Are Big Banks Boosting Revenue With Hidden Fees?

Though major banks have been moving away from charging customers for using their debt cards, many are quietly imposing other new fees.

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Bank of America (NYSE:BAC) has begun charging $5 to replace lost debit cards — $20 for rush delivery — while U.S. Bancorp (NYSE:USB) is now charging 50 cents per check deposited with a mobile phone. Starting in December, customers of TD Bank (NYSE:TD) will be charged $15 for each incoming domestic payment wired into their accounts.

“Banks tried the in-your-face fee with debit cards, and consumers said enough,” said Alex Matjanec, a co-founder of “What most people don’t realize is that they have been adding new charges or taking fees that have always existed and increased them, or are making them harder to avoid.”

Banks are under pressure to boost their capital reserves while facing an estimated loss of $12 billion thanks to new regulations curbing lucrative overdraft charges and lowering debit card swipe fees. They are also struggling to find attractive places to lend or invest all of the deposits they hold, posing another $8 billion drag. In total, banks would need to recoup between $15 and $20 a month from each depositor just to earn what they did in the past, according to financial consulting firm Oliver Wyman.

The need to make up for losses has led banks to create new charges and higher fees for everything from cash withdrawals at ATMs to wire payments, paper statements, and in some cases, even overdraft charges, despite lawmakers’ attempts to decrease fees. Many banks are also raising minimum account balances and adding other new requirements so that it is harder for customers to qualify for fee waivers.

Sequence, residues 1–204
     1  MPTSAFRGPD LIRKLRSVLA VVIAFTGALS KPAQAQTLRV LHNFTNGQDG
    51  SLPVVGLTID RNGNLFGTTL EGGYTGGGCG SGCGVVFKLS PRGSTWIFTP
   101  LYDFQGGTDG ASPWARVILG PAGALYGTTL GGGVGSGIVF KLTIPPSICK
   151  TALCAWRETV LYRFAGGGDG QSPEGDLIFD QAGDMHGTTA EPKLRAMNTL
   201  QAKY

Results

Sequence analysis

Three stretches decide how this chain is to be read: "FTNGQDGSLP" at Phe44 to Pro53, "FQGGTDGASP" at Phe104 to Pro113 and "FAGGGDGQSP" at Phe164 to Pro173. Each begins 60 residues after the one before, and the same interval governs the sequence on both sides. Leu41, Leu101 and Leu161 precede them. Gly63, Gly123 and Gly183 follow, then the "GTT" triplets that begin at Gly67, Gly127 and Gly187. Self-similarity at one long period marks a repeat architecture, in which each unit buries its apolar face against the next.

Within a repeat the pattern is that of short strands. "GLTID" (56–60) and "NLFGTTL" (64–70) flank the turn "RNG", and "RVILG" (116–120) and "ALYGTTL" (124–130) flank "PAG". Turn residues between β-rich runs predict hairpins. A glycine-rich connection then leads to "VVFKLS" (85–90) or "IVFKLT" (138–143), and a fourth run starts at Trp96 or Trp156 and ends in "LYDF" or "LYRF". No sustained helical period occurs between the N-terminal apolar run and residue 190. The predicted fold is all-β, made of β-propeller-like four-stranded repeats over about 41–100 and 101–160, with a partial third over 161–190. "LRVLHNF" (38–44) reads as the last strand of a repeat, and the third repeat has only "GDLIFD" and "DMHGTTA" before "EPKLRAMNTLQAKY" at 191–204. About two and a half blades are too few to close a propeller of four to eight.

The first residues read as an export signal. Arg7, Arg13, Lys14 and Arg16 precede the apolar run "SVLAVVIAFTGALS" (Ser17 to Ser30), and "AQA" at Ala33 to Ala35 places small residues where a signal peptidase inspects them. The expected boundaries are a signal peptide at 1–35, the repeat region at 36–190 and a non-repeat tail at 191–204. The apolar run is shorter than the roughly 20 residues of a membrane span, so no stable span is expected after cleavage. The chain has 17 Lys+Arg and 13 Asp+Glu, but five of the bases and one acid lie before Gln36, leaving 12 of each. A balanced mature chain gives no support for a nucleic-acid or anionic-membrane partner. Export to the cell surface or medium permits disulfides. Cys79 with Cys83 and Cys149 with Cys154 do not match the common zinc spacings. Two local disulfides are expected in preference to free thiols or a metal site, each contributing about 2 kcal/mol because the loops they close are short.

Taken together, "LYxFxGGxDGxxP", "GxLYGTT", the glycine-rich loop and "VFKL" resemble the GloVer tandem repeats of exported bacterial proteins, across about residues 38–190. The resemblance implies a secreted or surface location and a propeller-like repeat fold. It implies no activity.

Though Bank of America backed down on debit usage charges after public outrage over the $5 a month fee, it more quietly raised the cost of its basic MyAccess checking account by more than $3 a month earlier this year. Monthly maintenance fees are up to $12, from $8.95. Chase (NYSE:JPM) and Citigroup (NYSE:C) increased the price of their entry-level checking products.

Banks have managed to institute new fees and charges without many of their customers knowing. For that reason, Democratic senators Richard J. Durbin of Illinois and Jack Reed of Rhode Island urged the Consumer Financial Protection Bureau to adopt a more consumer-friendly disclosure form for all fees attached to checking accounts.

But even without interference, banks need more than new fees to cover the gap in profits. Many are hoping new products will catch on, while some are steering lower-income customers to pre-paid cards, which don’t fall under the new regulations for debit card swipe fees.

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TD Bank introduced a simple checking account with no minimum balance requirement that has signed up almost 300,000 customers since March despite a $2.99 monthly fee. And nearly ever major U.S. bank has eliminated branches and staff in an effort to cut costs. Banks are lowering the rates they pay on savings accounts, and slowly increasing existing fees.